The Clark County Air Pollution Control Hearing Board on Thursday denied an appeal of an air quality permit for a second asphalt plant near Spring Valley High School.
During a six-hour hearing, Clark County School District general counsel Carlos McDade squared off against representatives from the county’s Department of Air Quality and Wells Cargo, the construction company seeking to open the plant.
In December, the county approved a permit that will allow Wells Cargo to open a second asphalt plant and produce 1.25 million tons of asphalt a year. The school district last month appealed the air quality permit.
County staff testified Thursday that they believe pollutants from the two plants won’t exceed National Ambient Air Quality Standards set by the EPA as required by the Clean Air Act.
Spring Valley High Principal Tam Larnerd said the numbers don’t matter to him. Every day he sees students breathing in dust airborne from the operations of the existing plant located at the corner of Spring Mountain Road and Tenaya Way.
“We are simply asking don’t expand,” he said during the hearing. “Enough is enough.”
McDade added that county projections aren’t enough to quell fears of health concerns.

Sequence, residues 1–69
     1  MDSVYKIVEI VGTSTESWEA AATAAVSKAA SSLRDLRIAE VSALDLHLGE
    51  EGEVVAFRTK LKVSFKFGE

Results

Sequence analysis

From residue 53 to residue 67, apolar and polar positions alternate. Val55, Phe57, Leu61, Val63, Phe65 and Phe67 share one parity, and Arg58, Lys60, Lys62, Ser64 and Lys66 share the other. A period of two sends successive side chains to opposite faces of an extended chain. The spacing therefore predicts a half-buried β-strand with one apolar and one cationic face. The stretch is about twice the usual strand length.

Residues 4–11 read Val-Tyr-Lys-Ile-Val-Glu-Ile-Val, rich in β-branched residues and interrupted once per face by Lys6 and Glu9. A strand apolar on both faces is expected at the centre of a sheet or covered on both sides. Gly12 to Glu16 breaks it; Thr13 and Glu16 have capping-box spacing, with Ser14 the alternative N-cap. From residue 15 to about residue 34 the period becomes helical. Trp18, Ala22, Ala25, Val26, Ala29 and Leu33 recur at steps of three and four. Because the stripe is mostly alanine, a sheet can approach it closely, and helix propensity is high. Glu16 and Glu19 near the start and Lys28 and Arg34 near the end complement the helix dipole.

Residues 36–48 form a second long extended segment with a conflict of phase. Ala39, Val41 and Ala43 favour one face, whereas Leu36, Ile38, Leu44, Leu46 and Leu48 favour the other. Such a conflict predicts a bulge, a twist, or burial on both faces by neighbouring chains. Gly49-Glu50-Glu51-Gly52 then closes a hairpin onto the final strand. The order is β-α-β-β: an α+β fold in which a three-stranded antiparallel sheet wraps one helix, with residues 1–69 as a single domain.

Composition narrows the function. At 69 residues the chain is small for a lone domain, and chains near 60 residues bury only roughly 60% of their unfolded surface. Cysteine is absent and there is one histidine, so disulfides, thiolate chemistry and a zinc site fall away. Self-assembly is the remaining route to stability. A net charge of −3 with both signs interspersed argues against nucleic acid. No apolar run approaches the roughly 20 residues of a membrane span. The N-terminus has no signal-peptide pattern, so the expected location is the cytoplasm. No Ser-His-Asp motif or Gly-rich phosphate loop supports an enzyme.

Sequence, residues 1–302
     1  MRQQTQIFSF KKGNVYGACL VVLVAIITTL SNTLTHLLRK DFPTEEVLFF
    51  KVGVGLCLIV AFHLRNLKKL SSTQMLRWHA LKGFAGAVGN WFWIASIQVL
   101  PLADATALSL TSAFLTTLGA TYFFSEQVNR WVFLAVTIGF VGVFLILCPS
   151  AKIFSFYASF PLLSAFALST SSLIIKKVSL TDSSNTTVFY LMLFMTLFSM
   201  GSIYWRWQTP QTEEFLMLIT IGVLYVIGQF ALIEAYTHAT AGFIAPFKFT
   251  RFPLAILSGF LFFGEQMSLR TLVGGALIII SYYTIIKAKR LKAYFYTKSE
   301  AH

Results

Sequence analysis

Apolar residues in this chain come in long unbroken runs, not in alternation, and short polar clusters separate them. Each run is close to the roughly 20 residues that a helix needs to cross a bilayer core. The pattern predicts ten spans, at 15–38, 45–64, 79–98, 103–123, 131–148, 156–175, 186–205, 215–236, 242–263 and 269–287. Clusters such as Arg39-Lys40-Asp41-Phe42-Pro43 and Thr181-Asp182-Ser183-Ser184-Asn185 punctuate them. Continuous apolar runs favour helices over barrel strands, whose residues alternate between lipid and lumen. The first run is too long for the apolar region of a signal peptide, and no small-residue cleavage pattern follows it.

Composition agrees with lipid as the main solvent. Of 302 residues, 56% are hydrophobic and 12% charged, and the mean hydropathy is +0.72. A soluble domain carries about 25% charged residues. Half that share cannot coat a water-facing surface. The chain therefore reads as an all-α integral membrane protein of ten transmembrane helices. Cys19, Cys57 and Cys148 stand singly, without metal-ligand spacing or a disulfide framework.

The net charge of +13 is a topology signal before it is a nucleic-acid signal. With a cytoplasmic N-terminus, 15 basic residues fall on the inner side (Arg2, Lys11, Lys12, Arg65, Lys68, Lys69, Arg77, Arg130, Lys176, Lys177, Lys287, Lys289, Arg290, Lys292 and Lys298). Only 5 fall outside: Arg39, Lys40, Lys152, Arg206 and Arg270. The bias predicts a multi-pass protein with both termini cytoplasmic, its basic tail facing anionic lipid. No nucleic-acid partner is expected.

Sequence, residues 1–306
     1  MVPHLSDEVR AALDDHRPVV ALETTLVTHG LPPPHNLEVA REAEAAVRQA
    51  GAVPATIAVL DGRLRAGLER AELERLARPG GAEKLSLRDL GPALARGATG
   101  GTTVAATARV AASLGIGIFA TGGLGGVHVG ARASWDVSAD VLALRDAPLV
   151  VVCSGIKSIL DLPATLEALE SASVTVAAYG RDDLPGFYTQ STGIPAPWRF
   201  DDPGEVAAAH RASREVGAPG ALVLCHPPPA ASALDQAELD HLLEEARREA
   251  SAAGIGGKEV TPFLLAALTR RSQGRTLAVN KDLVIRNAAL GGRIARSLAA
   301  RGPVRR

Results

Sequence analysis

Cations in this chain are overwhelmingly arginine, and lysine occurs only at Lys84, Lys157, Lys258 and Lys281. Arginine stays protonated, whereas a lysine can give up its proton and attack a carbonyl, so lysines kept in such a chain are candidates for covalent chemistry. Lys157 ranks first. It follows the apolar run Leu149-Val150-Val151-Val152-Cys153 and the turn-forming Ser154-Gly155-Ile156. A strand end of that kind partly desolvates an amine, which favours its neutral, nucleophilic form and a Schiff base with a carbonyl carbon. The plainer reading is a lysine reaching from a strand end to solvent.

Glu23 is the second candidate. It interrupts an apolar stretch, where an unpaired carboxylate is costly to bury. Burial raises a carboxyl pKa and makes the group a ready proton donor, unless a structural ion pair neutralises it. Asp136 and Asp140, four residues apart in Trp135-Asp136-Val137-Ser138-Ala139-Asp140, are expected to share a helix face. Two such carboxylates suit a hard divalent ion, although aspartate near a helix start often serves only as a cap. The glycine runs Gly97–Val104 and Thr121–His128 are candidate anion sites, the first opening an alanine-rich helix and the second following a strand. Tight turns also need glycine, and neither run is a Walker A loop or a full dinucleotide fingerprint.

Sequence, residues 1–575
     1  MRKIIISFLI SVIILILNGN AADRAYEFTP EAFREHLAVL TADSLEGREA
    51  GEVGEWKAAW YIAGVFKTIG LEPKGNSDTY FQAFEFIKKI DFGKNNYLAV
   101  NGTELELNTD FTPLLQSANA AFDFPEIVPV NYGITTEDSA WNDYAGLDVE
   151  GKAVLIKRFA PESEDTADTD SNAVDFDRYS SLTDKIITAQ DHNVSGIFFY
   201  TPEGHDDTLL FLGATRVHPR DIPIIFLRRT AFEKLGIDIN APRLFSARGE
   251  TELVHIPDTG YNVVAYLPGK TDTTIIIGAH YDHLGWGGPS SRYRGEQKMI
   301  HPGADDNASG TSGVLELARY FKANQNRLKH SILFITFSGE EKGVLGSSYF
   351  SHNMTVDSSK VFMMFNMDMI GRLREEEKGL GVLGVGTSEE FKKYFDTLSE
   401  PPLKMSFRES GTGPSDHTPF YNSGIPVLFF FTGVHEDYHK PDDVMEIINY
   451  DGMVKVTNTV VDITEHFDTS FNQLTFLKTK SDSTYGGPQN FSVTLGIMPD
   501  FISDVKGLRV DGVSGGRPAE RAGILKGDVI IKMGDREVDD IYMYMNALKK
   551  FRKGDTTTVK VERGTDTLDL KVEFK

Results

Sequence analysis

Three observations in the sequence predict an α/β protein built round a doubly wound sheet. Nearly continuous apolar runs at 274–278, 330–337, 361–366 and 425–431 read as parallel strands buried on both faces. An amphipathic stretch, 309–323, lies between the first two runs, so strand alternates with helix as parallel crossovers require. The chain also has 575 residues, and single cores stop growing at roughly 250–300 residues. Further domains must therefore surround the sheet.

“Our contention is all of this is based on mathematical modeling,” he said after the hearing. “We just want to know if there’s any health impacts on the students and faculty.”
To make his case, McDade pointed to results from air quality monitoring the Clark County School District conducted inside the high school for more than two weeks late last year. The study found notable maximum readings were taken of gases and coarse particulate matter.
But county staffers said the high indoor readings could be caused by a number of factors unrelated to the asphalt plant, including the school’s air-conditioning system, cleaning supplies and even perfume.
“The results of the district’s testing are ambiguous at best,” said Mike Sword, a county Air Quality Planning Division manager.
Board vice-chair Evan Wishengrad agreed. He noted some of the testing occurred over the Thanksgiving holiday, when the plant likely was not in operation.
“There’s no way we could correlate your readings with the operations of this facility especially given the time parameters of when these tests were done,” he told McDade.
McDade requested that the county install air quality monitoring equipment on or near Wells Cargo’s operations, but county staff said that was not permitted under their rules.
In the end, the law is the law, Deputy District Attorney Leslie Nielsen said.
“We understand the concerns of the neighborhood, we understand the concerns of the schools, but all we have to go by unfortunately are the (National Ambient Air Quality Standards),” she said. “And if the NAAQS are not exceeded we think it’s reasonable to conclude that the health impacts to the community are in acceptable levels.”
Wells Cargo still must receive the County Commission’s OK to build the new asphalt plant. A public hearing has not yet been scheduled on the topic.
Contact Michael Scott Davidson at email@example.com or 702-477-3861. Follow @davidsonlvrj on Twitter.